I have made my reading plans for the holiday weekend. I ordered a book that will arrive by Friday. Since I will be a golf widow most of the weekend, I figured I'll have a lot of time on my hands to learn a little more about myself and those around me.
The book is Mistakes Were Made (But Not by Me): Why We Justify Foolish Beliefs, Bad Decisions, and Hurtful Acts by Carol Tavris and Elliot Aronson. Saw it this morning over at Susie Bright's Journal and knew right away it was one of my have to have its.
From a reviewer at Amazon:
To err is human, to rationalize even more so. Now, thanks to this brilliant book, we can finally see how and why even the best meaning people may justify terrible behavior. Mistakes Were Made will not turn us into angels, but it is hard to think of a better -- or more readable -- guide to the mind's most devilish tricks.
In her post, Susie interviews one of the authors of the book about cognitive dissonance and how Larry Craig is affected by it.
We're all affected by it, though.
I still think about the time I sat in a room full of Republican friends that I knew had had affairs -- bashing Bill Clinton because of Monica Lewinsky.
I'm sure The Skimmer wonders about it because of how I can come home from spending a few hours at the mall with bags and bags of things I've bought.
"But, everything was on sale! I saved 50%!"
"There's no savings column in the checkbook!"
I've heard that comeback for almost 18 years now.
Let me repeat. Fifty. Percent.
I remember walking into a family get together two years ago on Christmas Eve and my brother-in-law asking me, "Am I allowed to say Merry Christmas to you? I know how you feel about Christmas!"
I just thought, What is he talking about. We were all getting ready to go to church together. And on top of that, you think it's a barren wasteland under my Christmas tree every year? (See my second point above.)
So, I can't wait to get my book and start learning more about why we do that things we do. But, I am a tad worried.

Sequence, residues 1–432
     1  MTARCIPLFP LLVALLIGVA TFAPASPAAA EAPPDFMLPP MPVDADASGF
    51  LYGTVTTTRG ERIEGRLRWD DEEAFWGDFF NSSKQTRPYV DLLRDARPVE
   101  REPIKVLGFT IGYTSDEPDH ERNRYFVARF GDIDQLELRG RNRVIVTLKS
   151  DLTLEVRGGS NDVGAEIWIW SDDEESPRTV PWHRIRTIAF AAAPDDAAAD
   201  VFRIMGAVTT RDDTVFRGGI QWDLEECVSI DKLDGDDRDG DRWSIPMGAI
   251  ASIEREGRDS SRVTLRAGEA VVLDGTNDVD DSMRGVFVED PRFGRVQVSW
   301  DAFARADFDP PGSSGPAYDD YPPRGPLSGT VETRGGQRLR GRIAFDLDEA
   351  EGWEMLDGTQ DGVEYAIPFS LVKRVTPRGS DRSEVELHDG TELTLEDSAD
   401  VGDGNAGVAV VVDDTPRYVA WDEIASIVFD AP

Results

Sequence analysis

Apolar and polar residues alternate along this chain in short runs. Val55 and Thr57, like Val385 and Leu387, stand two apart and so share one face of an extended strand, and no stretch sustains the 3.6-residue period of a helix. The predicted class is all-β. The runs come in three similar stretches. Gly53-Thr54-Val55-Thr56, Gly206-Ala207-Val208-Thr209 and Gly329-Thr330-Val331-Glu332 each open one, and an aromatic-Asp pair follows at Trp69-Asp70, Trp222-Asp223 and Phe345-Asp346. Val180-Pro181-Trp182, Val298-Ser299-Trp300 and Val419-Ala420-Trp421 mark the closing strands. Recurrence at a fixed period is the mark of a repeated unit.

Back on January 1st of this year, I made a resolution to finish every book I start. And I've made good on that promise.
Out of about 4,212.
Not my fault! I'm busy and don't have a lot of time. And some of the books were hard to read. The type was too small -- the leading was too tight! And I think The Skimmer may have cleaned up the living room one day and put some of my books somewhere and now I can't find them. I would never do that to him. Ever.
Unfortunately we carry inside us that little organ which we call the heart, which is subject to certain maladies in the course of which it is infinitely impressionable as regards everything that concerns the life of a certain person, so that a lie — that most harmless of things, in the midst of which we live so unconcernedly, whether the lie be told by ourselves or by others — coming from that person, causes that little heart, which we ought to be able to have surgically removed, intolerable spasms.
Why do I continue to do this over and over? Buy a book, read it for awhile, set it down and pick up another? I know one reason.
Because I buy books when I am brainwashed by atmosphere. I'll be browsing a quaint, little cobwebbed bookstore in Greenwich Village and the romantic in me takes over. I pick up a book and read a little about it...
Turning to the flip side of the '20s' flapper image, Dumenil looks at the darker side of the decade forming the "central motifs that have shaped the modern American temper."
And suddenly I am burning with a fiery passion to learn all there is to know about these central motifs.
And I have convinced myself I will.
Go ahead. Give me a pop quiz about any central motif you can think of. I'd fail. I think I got to page 122.
Sometimes my romantic notions do result in my completing a book though. The last time I was in New York, I bought E.B. White's Here Is New York.
Early on Sunday morning, while The Skimmer and blue kid were still sleeping, I grabbed my new book, (Yes, I already have two copies at home. But, this one was 10% off. Ten. Percent.) left the hotel, stopped and bought some coffee, crossed the street and walked into Central Park. While the early morning sun streamed through the large oak tree above me, I sat on a park bench, drank my coffee and read my new book, while a man beneath a bridge nearby played beautiful music on his clarinet.
And I finished the book there and then.
All I need to be able to finish a book is dappled sunshine in Central Park. The sound of slow jazz carried on the wind.
I may not have Central Park this weekend, but I'll have plenty of coffee and hopefully, a little bit of dappled sun. And I intend to finish my new book because I have a fiery passion to learn more about why we do the things we do.
And if I don't learn why by page 122?
I know me!
I'll keep on trying to learn. I've got a discount card and Barnes and Noble.